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Busking: A proffesion to live by

Buzz Apollo Music in Grafton Street. Image credit: Stine Solli Ødegård

Buzz Apollo moved out from his parents home to prove a point. That he could live off the music.

Gary Phelim Buzz Apollo Genesuis Farrelly is a 17-year-old boy from Ireland. Six months ago he finished school. Now, he and his guitar is performing all over Dublin for full time.

“I worked for a butcher during school, but I got so sick of the job, and on a New Years Eve I quit and started to busk full time.”

(And for those of you do not know what busking is, including me at first: It is playing music in the streets.)

His parents did not approve it. They wanted him to get a ‘real’ job. Therefore he decided to move out. “I wanted to make a point out of it. That I could make it.”

A steep learning curve

Two years ago, he picked up his first guitar. “The first time I heard Ed Sheeran and ‘You Need Me’, I was sold. During the summer break, I locked myself in my room just playing on my guitar.”

Those four months paid off. Now, he has been busking for roughly a year. Mostly in Dublin. “I traveled to Limerick as well, but that wasn’t great. They don’t have the same ‘vibe’, as in Dublin.”

Even though Dublin is his home arena, he wants to try out Galway and the United Kingdom as well. But he aims bigger as well.

“You can’t have small goals in this industry. I think I would be more disappointed in myself if I had ‘smaller’ goals, and didn’t reach them. Go big or go home, right?”

His dream is to play and perform in a sold-out Madison Square Garden.

Buzz Apollo Music. Image credit: Stine Solli Ødegård
Buzz Apollo Music. Image credit: Stine Solli Ødegård

From James Bay and Ed Sheeran to Eminem

After a year busking around, he has started first now to expand his genres. During his career he has mostly played modern music, something people most likely have heard before, and can sing along to. The covers are mainly from Ed Sheeran and James Bay. For the time being, he is more into rap and Eminem. “I also play ‘Hit Me Baby One More Time’, people always seem to like that”, he giggles.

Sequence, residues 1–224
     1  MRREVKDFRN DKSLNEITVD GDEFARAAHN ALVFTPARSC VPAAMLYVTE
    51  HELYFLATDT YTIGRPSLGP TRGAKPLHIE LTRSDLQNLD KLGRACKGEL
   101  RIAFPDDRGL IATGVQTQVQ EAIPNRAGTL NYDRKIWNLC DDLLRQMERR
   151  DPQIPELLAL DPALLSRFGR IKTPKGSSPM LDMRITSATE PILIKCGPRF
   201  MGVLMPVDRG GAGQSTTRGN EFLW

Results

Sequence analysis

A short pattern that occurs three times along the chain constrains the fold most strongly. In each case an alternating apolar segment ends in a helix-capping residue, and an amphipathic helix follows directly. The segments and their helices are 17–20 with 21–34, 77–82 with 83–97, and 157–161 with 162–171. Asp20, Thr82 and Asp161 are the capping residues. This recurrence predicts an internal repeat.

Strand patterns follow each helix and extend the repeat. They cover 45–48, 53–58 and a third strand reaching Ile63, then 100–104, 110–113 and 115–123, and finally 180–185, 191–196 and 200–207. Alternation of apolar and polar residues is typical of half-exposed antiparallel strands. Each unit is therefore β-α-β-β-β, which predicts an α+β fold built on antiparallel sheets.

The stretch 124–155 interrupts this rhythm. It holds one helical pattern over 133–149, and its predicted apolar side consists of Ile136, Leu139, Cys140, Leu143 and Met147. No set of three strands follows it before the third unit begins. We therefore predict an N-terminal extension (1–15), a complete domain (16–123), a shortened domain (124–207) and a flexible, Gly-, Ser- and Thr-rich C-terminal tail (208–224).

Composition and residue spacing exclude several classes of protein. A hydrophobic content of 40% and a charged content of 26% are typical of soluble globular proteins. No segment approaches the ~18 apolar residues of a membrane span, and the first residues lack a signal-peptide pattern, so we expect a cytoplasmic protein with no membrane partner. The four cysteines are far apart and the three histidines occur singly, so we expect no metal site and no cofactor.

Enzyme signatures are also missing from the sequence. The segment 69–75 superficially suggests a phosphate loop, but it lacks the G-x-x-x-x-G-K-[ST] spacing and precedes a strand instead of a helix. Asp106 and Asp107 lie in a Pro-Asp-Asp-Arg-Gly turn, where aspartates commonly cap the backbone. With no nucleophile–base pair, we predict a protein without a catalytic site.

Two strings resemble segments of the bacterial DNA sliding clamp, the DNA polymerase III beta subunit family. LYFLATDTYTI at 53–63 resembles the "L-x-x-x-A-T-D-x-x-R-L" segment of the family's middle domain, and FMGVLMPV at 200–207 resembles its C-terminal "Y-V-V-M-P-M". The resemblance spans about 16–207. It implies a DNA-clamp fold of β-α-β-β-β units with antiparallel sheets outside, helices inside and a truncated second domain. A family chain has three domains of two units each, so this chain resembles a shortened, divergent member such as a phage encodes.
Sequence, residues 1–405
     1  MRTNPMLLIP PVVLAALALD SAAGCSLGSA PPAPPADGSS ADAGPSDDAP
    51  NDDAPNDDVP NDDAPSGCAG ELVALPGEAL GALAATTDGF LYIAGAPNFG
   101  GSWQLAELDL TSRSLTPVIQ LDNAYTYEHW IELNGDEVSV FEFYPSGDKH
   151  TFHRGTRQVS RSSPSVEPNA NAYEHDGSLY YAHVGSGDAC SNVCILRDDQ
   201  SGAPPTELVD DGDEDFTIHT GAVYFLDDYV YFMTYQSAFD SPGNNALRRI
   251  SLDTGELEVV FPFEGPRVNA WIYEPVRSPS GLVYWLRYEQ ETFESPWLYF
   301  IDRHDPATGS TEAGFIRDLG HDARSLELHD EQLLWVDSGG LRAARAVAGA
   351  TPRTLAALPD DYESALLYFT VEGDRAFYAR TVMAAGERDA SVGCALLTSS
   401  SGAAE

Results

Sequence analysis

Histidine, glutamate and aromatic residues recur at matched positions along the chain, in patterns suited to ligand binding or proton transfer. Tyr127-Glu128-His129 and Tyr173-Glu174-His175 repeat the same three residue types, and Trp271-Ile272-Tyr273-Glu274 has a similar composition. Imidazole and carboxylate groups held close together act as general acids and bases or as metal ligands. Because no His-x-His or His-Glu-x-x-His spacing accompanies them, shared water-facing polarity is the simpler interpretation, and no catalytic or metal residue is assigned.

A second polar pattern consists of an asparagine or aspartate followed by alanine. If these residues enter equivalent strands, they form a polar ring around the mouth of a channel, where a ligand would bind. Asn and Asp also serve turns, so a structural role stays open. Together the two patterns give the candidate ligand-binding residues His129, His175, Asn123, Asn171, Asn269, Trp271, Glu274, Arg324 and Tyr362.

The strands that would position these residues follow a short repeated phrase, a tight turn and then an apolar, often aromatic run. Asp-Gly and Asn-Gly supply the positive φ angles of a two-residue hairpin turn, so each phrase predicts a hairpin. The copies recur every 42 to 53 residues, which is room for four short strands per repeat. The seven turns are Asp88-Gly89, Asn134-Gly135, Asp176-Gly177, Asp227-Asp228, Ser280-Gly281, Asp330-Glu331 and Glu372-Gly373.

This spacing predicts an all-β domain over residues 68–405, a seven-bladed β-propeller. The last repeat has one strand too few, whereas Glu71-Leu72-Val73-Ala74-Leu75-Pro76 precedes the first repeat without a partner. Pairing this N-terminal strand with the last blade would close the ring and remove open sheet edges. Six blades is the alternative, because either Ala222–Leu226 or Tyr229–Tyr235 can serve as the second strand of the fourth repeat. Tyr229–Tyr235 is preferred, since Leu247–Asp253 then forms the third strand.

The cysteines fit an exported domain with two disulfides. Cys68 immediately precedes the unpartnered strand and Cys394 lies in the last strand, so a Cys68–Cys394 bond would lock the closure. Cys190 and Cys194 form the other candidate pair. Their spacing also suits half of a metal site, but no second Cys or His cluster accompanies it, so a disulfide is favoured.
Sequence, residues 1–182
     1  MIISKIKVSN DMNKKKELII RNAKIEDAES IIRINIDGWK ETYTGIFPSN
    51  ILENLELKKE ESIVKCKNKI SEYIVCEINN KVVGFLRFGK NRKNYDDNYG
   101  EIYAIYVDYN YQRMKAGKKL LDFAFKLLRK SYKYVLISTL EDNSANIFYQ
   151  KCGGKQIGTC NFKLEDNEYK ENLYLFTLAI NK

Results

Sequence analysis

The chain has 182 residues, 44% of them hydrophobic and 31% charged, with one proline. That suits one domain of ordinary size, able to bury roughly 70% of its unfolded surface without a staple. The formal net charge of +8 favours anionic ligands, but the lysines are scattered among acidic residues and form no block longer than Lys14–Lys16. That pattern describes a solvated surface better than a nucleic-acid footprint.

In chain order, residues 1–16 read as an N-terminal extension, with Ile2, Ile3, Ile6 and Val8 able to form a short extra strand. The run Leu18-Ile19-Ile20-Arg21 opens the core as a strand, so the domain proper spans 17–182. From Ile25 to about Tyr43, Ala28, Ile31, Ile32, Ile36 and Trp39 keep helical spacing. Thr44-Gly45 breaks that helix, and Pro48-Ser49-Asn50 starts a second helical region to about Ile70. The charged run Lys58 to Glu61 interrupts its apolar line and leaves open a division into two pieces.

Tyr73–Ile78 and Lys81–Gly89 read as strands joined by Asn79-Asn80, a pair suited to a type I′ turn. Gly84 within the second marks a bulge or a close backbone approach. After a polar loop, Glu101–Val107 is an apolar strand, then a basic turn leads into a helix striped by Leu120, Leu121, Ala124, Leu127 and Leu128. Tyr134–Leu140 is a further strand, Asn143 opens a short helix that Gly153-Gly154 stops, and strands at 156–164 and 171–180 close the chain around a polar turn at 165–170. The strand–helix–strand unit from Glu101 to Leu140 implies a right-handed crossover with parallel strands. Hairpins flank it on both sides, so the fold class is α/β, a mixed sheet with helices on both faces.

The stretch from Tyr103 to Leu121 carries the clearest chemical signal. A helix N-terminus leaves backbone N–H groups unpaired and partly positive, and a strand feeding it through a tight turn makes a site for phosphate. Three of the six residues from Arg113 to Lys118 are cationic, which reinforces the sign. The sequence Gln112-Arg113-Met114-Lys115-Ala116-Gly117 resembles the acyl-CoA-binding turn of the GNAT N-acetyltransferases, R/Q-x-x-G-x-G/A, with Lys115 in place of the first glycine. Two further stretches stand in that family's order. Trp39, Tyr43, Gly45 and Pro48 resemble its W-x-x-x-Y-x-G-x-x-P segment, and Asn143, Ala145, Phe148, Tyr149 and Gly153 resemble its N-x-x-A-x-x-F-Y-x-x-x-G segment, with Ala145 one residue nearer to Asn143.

Even though he does a lot of covers, he also plays some original songs, as well as playing his own. «Too Much» has over 300 views on his YouTube channel.

“I write a lot, but I don’t like them.  Sometimes it’s hard to finish the songs when you’re not in the same mental state as you were when first starting to process.”

He has almost written 30 songs, some finished and some unfinished.

Buzz Apollo Music making a crowd in Grafton Street.

Surviving week by week

The busking profession is not the best-paid job to have. But according to Apollo, it is manageable. “It’s a touch-and-go job. One day you can earn 2€, and another day you can earn 125€. But you can survive.”

He says that some periods are better than others. If he’s in a good flow, it usually stays like that for a while, before the table turns. “I am always saving some extra for the bad periods.”

An international profession

Even though there are a lot of people busking around, Apollo has the impression that there are mainly Irish people busking. “I also know some Brazilians, but they are only here from time to time.”

Also, he has some busking friends from Argentina and Indonesia.

Apollo explains that people can not start to busk without having their license. “Furthermore there are also bye-laws that we need to follow. They are some restrictions and rules that everyone needs to attend. And finally, you need to queue your equipment, before it’s your turn to play.”

“I could not do anything else”

Even though the job does not always make the best wage, Apollo is 100 percent sure that he was made for this. “I couldn’t do this if my heart wasn’t in it. I wanna be happy with what I’m doing, and this makes me happy.”

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